Sources for Rrl

Only available on StudyMode
  • Download(s) : 774
  • Published : January 25, 2012
Open Document
Text Preview
Fajnzylber, Lederman and Loaysa (2002) – (Fajnzylber, P., Lederman, D. and N. Loayza (2000). “Crime and Victimization: An Economic Perspective”, mimeo)

“In fact the economics of crime interacts with different and heterogeneous fields (i.e. sociology, criminology, psychiatry and geography). It is closely related to poverty, social exclusion, wage and income inequality, cultural and family background, level of education and other economic and social factors that may affect individual’s propensity to commit crimes such as cultural characteristics, age and sex. “

A spatial analysis of neighborhood crime in omaha, Nebraska using alternative measures of crime rates. By haifeng zhang and Michael p.peterson. internet journal of criminology 2007

Many researchers – (Ackerman (1998), Anselin (2000), Kershaw and Tseloni (2005), Nagle (1995), Osborn et al (1992). ) Substantial neighborhood crime research has documented that urban crime occurs most frequently in stressful and disadvantaged areas with disproportional concentration of poverty, unemployment and minority populations.

The social disorganization theory argues that socio-economic stress (e.g., poverty, racial/ethnic issues, etc) undermines social control level and strikes the foundations of social cohesion, which results in occurrence of crime. The routine activity approach/theory claims that criminal activities are related to social environment and the behavior patterns of people who live in the neighborhood or community. Unfavorable environment settings (poverty, low education or literacy and unemployment) are frequently used to evaluate the effects of crime correlates.

Fleisher (1963-1966) – (Fleisher, B., (1966), “The Effects of Income Delinquency”, American Economic Review, 56 (1/2). Pp. 118-137)
“The principal theoretical reason for believing that low income increases the tendency to commit crime is that it raises the relative cost of engaging in legitimate activity and that the probable cost of getting caught is relatively low, since they (low-income individuals) view their legitimate lifetime earnings prospects dismally they may expect to lose relatively little earning potential by acquiring criminal records, furthermore, if legitimate earnings are low, the opportunity of lifetime actually spent in delinquent activity, or in jail is also low (Fleisher 1966, p. 120)”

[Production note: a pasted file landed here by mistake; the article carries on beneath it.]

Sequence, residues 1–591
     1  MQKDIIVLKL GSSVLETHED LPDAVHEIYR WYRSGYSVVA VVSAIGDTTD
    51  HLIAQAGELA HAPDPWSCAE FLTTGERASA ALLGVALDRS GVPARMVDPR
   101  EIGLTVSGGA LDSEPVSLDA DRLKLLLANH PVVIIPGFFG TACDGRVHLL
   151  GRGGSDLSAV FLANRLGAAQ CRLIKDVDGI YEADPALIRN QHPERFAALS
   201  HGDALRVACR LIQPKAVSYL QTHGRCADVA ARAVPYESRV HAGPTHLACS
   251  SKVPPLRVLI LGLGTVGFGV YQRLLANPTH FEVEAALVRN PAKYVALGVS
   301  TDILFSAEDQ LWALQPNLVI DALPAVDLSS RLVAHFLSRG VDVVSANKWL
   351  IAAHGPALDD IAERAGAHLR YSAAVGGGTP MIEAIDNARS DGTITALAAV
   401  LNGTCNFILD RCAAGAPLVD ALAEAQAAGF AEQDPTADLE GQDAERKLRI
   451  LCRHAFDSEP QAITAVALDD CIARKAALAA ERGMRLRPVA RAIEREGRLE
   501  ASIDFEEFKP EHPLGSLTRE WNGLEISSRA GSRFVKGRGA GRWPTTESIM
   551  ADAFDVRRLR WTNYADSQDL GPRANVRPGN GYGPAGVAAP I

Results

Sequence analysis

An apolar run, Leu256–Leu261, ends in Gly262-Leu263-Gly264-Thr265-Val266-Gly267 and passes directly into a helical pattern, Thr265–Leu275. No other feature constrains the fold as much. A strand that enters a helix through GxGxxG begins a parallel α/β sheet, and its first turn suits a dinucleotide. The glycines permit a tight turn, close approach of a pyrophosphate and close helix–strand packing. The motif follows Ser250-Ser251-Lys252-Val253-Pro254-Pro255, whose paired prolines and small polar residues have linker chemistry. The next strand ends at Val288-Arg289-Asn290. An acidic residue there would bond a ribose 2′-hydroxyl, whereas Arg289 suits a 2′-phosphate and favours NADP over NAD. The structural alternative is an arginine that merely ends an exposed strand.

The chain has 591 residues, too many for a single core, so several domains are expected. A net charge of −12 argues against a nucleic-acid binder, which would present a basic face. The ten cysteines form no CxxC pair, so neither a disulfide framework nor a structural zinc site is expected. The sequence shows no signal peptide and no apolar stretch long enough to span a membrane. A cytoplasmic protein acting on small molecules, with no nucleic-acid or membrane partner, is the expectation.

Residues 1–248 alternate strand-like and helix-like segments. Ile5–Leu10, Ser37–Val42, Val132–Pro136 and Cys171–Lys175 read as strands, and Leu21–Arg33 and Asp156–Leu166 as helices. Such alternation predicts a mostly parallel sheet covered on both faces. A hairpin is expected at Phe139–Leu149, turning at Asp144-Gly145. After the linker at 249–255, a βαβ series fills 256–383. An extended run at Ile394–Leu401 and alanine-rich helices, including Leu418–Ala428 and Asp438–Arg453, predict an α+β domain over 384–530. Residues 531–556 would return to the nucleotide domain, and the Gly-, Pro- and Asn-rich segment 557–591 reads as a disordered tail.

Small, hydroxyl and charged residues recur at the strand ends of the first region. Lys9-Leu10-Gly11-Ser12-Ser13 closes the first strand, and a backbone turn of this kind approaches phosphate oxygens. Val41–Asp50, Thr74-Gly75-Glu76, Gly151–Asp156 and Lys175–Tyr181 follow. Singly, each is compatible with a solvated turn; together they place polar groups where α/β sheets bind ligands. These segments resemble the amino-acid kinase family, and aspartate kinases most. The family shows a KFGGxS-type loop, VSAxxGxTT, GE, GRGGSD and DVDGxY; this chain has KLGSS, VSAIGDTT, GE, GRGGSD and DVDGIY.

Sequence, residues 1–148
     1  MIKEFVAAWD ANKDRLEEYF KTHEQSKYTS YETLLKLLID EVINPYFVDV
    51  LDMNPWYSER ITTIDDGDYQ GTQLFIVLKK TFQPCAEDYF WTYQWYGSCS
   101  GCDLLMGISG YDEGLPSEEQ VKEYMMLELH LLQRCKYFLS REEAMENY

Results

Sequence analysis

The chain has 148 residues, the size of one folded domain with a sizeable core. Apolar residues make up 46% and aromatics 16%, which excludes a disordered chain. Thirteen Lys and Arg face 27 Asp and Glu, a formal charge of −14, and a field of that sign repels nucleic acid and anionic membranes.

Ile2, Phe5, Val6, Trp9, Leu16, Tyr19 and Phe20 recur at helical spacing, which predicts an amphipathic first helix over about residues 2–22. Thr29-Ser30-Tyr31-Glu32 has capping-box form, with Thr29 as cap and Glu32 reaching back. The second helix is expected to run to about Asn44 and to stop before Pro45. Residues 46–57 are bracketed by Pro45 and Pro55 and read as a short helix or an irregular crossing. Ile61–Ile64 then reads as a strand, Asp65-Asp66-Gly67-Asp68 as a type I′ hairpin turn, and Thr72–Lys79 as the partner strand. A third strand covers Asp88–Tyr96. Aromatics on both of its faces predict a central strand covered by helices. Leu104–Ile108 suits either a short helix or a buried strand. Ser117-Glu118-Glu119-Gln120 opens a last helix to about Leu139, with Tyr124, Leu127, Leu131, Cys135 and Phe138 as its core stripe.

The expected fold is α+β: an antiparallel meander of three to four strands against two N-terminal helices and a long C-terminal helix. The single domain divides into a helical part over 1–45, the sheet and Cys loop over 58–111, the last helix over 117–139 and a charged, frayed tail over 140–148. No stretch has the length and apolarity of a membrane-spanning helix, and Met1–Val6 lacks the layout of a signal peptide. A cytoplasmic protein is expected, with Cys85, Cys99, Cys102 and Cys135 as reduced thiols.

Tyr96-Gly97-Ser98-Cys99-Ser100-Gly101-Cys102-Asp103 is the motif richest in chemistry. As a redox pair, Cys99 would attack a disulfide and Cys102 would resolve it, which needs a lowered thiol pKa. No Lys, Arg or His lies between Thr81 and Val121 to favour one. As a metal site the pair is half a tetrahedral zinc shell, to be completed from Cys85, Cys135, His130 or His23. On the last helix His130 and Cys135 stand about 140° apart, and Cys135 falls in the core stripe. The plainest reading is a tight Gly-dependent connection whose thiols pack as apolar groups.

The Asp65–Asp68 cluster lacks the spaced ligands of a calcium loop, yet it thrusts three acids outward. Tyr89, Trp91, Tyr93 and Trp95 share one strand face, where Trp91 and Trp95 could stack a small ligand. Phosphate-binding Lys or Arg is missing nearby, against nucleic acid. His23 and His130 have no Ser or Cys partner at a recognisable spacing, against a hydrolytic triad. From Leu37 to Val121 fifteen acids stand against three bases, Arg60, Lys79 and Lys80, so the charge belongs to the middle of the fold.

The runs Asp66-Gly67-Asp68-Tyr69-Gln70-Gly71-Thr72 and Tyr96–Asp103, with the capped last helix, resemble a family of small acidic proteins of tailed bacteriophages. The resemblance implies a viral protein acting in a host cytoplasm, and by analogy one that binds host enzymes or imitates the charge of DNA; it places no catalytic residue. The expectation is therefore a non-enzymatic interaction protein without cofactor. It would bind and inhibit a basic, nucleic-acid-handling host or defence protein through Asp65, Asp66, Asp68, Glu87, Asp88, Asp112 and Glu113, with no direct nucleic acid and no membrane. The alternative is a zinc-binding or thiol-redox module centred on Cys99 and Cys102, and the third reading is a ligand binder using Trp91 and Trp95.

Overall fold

Marc Hooghe, Bram Vanhoutte, Vim Hardyns and Tuba Bircan. Unemployment, Inequality, Poverty and Crime. Spatial Distribution Patterns of Criminal Acts in Belgium 2001-2006. British Journal of Criminology, 51 (1), pp. 1-20. Oxford University Press, Oxford 2011.

A concentration of poverty, a lack of resources and various indicators for social disorganization have all been invoked to explain a concentration of crime. Pg1

Kelly (2000) – (Kelly, M., (2000). “Inequality and Crime”. The Review of Economics and Statitics, 82 (4), pp. 530-539)
“in the economics theory of crime, areas of high inequality place poor individuals who have low returns from market activity next to high-income individuals who have goods worth taking, thereby increasing the returns to time allocated to criminal activity” “strain theory argues that, when faced with the relative success of others around them, unsuccessful individuals feel frustration at their situation. The greater the inequality, the higher this strain and the greater the inducement for low0status individuals to commit crime”

Machin and Meghir (2004) (Machin, Stephen and Costas Meghir. “Crime and Economic Incentives.” National Bureau of Economic Research. 9 Feb 2009 <>)

When there are larger numbers of people with low wage rates, the crime rate usually goes up.

Handbook of crime correlates. Lee Ellis, Kevin Beaver, John Wright. Academic Press, Oxford, UK
Many of the most popular theories of criminal behavior have focused on poverty as a major...
tracking img